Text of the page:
"There's a real strong push from Kronos to move their existing user base, which is vast and sprawling, onto Workforce Dimensions, and that is prompting a lot of users to think anew about whether they want to stay with Kronos or go with something else," he said.
Time clocks still viable, CEO says
Kronos still derives a good chunk of its revenue from sales and service associated with time clock-based versions of its WFM system, Workforce Ready. And on an upper floor at Kronos headquarters, an array of time clocks from technological generations going back to the 1970s line a wall -- symbols of Kronos' past, present and foreseeable future, according to CEO Aron Ain.
Clocks also adorn Ain's open-door but windowless office.
Ain works at his standing desk, looking out over a well-traveled hallway. The new office design didn't award corner or window offices to upper-level executives, though senior executives tend to have more space.
In an interview around his conference table, Ain acknowledged that his company's corporate culture and business are changing with the thrust toward cloud-only products.
Even so, he said he can't easily envision a future in which employers don't want physical time clocks, and he said Kronos will remain in that business for a long time. (The newest Kronos system, Workforce Dimensions, uses mobile timekeeping and also integrates with Kronos software systems that use the Kronos InTouch and Kronos 4500 timekeeping devices.)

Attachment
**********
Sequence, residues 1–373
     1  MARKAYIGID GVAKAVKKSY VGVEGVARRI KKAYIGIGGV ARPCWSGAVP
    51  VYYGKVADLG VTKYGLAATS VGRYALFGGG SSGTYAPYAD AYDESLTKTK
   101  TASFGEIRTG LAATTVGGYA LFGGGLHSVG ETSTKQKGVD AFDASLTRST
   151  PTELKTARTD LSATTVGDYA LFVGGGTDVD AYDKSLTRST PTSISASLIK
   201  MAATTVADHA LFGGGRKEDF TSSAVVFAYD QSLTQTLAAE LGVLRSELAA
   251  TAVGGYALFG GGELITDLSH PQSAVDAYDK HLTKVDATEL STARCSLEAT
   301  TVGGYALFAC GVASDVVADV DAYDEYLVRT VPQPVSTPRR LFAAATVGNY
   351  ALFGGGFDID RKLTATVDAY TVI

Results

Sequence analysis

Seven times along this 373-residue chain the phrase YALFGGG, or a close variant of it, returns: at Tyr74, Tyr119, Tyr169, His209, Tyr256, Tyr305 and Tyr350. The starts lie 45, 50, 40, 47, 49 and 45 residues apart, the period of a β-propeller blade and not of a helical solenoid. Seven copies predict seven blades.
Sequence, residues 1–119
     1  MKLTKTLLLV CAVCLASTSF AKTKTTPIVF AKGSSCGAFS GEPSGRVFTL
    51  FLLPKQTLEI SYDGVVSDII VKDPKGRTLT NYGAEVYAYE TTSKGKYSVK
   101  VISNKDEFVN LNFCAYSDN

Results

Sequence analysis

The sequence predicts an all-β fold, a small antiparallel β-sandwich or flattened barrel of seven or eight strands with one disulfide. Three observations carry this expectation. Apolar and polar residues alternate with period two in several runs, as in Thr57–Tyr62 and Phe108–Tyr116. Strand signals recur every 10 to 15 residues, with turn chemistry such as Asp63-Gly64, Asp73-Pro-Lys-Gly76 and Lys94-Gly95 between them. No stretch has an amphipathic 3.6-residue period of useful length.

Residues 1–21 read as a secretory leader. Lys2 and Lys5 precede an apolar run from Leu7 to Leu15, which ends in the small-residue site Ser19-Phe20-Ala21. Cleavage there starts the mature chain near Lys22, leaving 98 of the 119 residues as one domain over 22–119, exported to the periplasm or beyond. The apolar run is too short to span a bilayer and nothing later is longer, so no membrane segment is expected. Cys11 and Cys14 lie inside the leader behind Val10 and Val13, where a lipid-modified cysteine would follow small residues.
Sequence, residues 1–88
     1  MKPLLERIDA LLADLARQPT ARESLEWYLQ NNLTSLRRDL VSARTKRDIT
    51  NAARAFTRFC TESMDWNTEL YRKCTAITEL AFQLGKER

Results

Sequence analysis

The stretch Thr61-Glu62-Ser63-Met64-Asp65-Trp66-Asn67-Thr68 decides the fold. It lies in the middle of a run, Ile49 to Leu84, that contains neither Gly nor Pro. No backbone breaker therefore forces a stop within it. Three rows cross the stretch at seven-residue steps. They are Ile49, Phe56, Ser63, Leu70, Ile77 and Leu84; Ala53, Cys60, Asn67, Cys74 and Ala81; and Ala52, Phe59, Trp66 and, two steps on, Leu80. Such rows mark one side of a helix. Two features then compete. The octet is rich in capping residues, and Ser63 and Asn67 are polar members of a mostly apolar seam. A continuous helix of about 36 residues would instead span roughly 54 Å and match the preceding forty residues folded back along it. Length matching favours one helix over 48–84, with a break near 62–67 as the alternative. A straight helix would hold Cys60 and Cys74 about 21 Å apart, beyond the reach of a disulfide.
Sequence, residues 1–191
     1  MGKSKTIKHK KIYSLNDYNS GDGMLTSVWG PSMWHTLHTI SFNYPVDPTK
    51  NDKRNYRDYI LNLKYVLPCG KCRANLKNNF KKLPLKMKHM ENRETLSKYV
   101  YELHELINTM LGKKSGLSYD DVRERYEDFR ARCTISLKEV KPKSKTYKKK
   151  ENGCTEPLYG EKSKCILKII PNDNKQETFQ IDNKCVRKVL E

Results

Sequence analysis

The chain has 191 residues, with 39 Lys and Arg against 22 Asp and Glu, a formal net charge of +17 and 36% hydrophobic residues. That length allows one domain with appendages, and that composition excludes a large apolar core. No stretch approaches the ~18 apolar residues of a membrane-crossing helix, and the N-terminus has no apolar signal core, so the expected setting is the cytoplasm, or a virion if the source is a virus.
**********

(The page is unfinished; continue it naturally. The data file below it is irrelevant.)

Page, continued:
CEO says new HQ helps attract talent
But Ain maintained that corporate culture is thriving in the new location, revenues are up, employee turnover is down and there's a palpable energy around Workforce Dimensions.
As for the new Kronos headquarters, it is a valuable asset that will help draw the talent that will develop and market innovative new systems, Ain said.
"It's not possible for us to develop great products and deliver great service without great people," he said. "When you work hard to recruit great people, you have to work as hard to retain great people, because great people have choices about where to work."
"So, the environment they work in directly impacts how people who are really good … think about whether they want to stay at a place or not," Ain said.